ULSD Surges as Central Banks Signal Lower Rates to Spur Growth

Ultra-low-sulfur diesel futures advanced for the first time in five days as some central banks indicated they planned to continue measures to promote economic growth that could spur fuel demand.

Diesel rose as much as 2.2 percent after Japanese Economy Minister Akira Amari told reporters in Tokyo today that Bank of Japan Governor Haruhiko Kuroda plans to pursue quantitative and qualitative easing to support the economy. Hungary’s central bank cut the main interest rate for a 10th month to a record low 4.5 percent. The Bank of Israel reduced borrowing costs for a second time this month to 1.25 percent, the lowest in more than three years.

“The big story is that central banks are continuing to keep low interest rates, and as a result we’re seeing rising commodity prices,” said Andy Lipow, president of Lipow Oil Associates LLC in Houston. “Central banks around the world are indicating they’re going to continue with a low-interest-rate policy designed to promote economic growth.”

ULSD for June delivery rose 5.67 cents to $2.9136 a gallon at 9:42 a.m. on the New York Mercantile Exchange. Trading volume was 12 percent below the 100-day average.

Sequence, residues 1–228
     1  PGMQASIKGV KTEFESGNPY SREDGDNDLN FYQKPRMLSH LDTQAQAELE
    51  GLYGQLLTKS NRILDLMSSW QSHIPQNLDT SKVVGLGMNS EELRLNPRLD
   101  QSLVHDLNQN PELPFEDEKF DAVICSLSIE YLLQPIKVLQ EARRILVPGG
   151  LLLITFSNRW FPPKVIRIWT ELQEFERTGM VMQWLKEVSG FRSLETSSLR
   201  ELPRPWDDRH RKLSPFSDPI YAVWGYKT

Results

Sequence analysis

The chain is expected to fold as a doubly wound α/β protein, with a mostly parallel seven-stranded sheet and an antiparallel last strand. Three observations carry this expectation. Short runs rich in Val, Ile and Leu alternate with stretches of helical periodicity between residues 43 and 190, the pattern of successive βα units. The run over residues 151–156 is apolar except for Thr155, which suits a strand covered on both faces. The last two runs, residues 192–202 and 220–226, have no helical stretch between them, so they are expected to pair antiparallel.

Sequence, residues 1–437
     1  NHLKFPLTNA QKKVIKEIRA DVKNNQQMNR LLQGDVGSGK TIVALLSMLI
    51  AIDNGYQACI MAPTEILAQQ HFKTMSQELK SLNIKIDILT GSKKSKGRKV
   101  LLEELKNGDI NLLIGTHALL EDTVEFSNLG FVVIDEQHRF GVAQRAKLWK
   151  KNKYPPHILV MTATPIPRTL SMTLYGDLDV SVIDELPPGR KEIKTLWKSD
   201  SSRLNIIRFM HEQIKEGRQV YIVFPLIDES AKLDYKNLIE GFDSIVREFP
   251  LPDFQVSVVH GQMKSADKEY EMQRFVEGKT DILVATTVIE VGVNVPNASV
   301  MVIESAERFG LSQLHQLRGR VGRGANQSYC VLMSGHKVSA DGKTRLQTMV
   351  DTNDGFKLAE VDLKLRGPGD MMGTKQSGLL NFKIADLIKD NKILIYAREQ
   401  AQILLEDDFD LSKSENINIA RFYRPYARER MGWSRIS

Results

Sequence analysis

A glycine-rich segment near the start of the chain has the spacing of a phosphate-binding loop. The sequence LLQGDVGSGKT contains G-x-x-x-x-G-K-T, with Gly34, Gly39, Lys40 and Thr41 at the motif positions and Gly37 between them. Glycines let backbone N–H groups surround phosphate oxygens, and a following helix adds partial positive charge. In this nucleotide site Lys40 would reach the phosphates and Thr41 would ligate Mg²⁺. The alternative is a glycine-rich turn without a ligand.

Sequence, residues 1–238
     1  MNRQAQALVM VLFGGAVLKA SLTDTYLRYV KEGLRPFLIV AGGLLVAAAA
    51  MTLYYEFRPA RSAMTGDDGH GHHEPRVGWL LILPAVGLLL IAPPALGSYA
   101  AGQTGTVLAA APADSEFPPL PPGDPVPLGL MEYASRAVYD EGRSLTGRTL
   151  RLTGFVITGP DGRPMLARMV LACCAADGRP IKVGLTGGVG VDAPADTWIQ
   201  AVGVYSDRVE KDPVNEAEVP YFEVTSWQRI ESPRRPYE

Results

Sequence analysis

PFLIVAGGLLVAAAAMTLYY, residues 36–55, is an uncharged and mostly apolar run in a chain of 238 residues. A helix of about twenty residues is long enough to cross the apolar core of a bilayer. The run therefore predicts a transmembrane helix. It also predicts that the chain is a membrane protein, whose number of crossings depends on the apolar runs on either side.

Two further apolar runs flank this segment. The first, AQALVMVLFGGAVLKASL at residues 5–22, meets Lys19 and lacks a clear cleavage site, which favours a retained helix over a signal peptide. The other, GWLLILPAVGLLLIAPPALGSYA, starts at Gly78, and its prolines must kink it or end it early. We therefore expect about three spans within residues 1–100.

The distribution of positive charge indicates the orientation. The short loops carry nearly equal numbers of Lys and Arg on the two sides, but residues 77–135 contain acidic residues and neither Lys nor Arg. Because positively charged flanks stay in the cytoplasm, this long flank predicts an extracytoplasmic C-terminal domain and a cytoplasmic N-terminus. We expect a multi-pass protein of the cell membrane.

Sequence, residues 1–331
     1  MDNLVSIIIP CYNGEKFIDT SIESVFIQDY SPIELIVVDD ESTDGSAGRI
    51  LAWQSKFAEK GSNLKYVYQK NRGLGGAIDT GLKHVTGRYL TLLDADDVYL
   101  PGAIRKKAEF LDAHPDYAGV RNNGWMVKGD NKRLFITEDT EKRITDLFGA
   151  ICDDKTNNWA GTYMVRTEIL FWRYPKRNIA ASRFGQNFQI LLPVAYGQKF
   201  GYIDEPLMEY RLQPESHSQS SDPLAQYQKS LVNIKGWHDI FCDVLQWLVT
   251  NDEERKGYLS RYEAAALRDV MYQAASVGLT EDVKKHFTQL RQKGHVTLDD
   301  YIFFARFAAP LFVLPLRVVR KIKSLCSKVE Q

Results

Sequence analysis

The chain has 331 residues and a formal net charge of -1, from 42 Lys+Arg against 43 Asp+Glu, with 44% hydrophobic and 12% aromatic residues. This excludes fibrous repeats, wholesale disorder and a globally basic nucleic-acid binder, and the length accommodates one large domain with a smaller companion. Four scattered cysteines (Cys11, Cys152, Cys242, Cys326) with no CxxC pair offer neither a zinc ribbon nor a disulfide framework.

July ULSD’s crack spread versus WTI crude oil widened 93 cents to $26.66 a barrel. July ULSD’s premium over Brent was little changed at $17.77 a barrel.

Gasoline for June delivery rose 3.12 cents, or 1.1 percent, to $2.8702 a gallon on the Nymex. Trading volume was 9.1 percent below the 100-day average.

Gasoline’s crack spread versus West Texas Intermediate slipped 1 cent to $24.53 a barrel. July gasoline’s premium over July Brent shrank by 52 cents to $15.66.

Gasoline at the pump, averaged nationwide, fell by 0.5 cent to $3.626 a gallon, AAA said on its website today. Prices have dropped for six days in a row.

To contact the reporter on this story: Dan Murtaugh in Houston at dmurtaugh@bloomberg.net

To contact the editor responsible for this story: Dan Stets at dstets@bloomberg.net

Press spacebar to pause and continue. Press esc to stop.

Bloomberg reserves the right to remove comments but is under no obligation to do so, or to explain individual moderation decisions.

Please enable JavaScript to view the comments powered by Disqus.